February 10, 2016
The European Commission (EC) had been investigating the deal, setting the original deadline of 16 March for a decision last year, and it has already been approved in Australia, New Zealand and China. New York Times reported on the deal’s passage in Europe, which came “after the companies agreed to sell some of Office Depot’s operations in Europe to ease competition concerns”.
Antitrust officials at the EC said that the sale of Office Depot’s “contract distribution business” in both the EU and Switzerland “address[ed]” its concerns over competition, while the company’s “entire business in Sweden” will also be sold. In its review, the EC found that the two companies “are two of only three suppliers of items like pens and paper capable of entering into the international supply contract market for large business customers in Europe”.
It added that “customers do not consider switching to several national contracts as a sufficiently-attractive alternative because of the lower prices achieved under international contracts and the savings in administrative costs”. In turn, the “competition from specialist suppliers, such as companies supplying only printer cartridges, is limited as they offer a smaller product range and typically cannot provide the same services as those offered by contract stationers”.
In summary, it said that it was “satisfied that the divestitures” made would “remove the entire overlap between the merging companies in all markets where concerns were raised”. Margrethe Vestager, Commissioner for European competition policy, added that “the substantial remedies package offered will ensure that effective competition is maintained, in particular on the EU’s international office supplies market.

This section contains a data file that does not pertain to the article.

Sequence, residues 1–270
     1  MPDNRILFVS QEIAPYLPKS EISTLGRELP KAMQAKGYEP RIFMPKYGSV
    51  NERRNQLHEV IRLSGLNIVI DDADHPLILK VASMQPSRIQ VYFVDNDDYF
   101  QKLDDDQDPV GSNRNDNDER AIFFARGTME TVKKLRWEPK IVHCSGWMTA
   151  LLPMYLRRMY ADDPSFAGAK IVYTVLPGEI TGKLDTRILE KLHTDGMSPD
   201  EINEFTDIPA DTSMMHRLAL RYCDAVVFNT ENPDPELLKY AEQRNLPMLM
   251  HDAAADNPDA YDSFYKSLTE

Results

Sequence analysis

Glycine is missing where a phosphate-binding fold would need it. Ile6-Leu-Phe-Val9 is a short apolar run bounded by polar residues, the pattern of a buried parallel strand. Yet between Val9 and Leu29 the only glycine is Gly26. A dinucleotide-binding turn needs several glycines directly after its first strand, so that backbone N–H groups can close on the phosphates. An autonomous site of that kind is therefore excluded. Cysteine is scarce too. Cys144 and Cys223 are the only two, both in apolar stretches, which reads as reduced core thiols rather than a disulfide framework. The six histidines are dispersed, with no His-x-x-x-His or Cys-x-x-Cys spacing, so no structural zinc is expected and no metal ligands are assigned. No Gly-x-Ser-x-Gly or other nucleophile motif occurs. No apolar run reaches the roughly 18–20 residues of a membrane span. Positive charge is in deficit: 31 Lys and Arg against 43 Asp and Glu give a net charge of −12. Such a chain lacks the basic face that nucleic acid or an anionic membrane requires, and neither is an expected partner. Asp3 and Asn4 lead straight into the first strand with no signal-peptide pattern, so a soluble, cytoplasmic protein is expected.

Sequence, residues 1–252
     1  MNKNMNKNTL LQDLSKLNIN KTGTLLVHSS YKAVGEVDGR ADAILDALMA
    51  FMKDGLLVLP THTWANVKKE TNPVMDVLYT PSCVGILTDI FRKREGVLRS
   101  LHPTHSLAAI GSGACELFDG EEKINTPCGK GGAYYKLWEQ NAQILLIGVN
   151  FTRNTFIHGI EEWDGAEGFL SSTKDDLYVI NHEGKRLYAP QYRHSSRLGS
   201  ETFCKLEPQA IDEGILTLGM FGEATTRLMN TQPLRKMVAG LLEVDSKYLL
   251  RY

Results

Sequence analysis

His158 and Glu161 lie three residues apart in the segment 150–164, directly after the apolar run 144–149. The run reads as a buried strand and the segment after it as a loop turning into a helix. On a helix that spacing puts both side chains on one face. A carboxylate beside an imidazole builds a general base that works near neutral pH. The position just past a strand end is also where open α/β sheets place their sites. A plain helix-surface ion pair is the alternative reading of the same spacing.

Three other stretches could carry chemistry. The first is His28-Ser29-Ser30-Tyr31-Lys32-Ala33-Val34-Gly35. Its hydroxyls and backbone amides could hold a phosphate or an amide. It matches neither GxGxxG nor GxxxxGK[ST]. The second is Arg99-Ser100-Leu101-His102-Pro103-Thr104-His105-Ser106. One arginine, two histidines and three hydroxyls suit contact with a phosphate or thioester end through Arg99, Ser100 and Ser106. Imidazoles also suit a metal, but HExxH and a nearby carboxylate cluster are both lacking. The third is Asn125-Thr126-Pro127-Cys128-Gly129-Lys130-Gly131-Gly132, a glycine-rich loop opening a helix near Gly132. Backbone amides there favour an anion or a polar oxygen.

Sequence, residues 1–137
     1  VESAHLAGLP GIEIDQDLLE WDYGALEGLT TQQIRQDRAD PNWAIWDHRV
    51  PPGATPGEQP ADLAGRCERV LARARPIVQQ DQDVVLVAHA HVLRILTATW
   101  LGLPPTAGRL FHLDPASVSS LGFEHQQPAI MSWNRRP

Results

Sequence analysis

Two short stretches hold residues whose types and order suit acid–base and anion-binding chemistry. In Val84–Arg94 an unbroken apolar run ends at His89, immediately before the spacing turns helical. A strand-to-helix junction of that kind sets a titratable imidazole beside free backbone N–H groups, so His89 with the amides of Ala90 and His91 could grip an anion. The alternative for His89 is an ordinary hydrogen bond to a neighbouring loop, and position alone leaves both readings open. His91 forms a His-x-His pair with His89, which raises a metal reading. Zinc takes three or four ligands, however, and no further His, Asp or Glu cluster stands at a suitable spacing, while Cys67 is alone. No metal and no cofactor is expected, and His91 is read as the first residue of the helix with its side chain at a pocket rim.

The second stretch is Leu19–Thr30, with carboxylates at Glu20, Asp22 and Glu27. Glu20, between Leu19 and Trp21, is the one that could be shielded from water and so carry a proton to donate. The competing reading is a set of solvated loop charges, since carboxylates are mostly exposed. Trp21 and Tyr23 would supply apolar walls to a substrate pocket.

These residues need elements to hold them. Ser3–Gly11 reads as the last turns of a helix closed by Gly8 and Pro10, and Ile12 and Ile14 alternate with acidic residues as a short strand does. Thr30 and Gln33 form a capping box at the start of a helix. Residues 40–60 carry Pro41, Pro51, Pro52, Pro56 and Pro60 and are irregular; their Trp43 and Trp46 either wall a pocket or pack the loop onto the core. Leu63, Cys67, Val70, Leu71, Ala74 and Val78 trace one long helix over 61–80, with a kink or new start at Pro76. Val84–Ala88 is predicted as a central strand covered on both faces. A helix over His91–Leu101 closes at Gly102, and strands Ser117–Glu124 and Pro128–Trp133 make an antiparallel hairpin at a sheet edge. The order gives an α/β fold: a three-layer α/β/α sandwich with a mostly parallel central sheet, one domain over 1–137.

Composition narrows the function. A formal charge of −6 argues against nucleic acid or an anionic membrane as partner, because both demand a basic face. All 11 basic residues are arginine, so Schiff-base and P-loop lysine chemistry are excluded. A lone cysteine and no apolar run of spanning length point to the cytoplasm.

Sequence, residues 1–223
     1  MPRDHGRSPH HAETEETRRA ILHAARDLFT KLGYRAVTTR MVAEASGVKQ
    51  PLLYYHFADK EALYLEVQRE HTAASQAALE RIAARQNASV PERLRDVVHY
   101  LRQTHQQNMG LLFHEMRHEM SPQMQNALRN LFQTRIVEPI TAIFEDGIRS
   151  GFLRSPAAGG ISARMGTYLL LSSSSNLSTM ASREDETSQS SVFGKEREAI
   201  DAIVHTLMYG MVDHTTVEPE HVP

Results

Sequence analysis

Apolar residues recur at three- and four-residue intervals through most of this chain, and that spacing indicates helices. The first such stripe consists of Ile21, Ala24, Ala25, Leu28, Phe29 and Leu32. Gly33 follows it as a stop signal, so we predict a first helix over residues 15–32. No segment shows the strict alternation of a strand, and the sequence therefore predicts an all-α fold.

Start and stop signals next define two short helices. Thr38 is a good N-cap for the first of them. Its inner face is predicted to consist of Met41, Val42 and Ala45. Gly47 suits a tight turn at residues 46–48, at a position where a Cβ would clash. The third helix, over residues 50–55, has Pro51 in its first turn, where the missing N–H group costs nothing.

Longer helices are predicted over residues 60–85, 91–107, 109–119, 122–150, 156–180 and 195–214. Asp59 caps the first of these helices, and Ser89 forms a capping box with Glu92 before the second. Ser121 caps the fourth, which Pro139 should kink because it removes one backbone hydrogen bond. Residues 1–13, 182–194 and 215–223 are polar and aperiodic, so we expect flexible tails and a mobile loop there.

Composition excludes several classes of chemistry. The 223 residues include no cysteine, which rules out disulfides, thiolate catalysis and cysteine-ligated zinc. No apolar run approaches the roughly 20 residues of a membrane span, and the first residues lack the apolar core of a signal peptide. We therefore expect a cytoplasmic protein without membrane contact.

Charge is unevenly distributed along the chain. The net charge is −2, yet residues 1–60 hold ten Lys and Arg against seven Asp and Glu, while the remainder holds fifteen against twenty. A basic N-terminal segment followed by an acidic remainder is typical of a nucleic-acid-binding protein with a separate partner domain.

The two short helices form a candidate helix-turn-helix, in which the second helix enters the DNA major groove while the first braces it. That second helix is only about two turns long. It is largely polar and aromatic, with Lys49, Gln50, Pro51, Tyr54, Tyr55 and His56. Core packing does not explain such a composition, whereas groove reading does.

“This will allow European companies to continue to benefit from the single market by procuring their office supplies internationally and to reduce costs”. Ron Sargent, Staples’ Chairman and CEO, added that the decision “is a significant step, and we’re very pleased that the European Commission has approved this transaction. We look forward to a full, impartial judicial review in the United States”.
In the US, the Federal Trade Commission (FTC) filed a lawsuit last year to block the $6.3 billion (€5.8 billion) merger, with the suit seeing the companies offer to divest $1.25 billion (€1.14 billion) of commercial contracts in exchange for approval. This was rejected by the FTC, leaving Staples to call it “misguided”, and was an upgrade from a previous offer of $600 million (€558 million).
Both companies extended their merger agreement to May in January in light of the court case, after new developments earlier this year suggested “renewed optimism” in the merger being granted, but sources recently stated “the odds of a settlement are near zero”. Staples is also reportedly facing the threat of loans being withdrawn, and made a series of staff cuts. The two companies previously called the decision to block their merger “flawed”, with a court case likely in March.
Categories : World Focus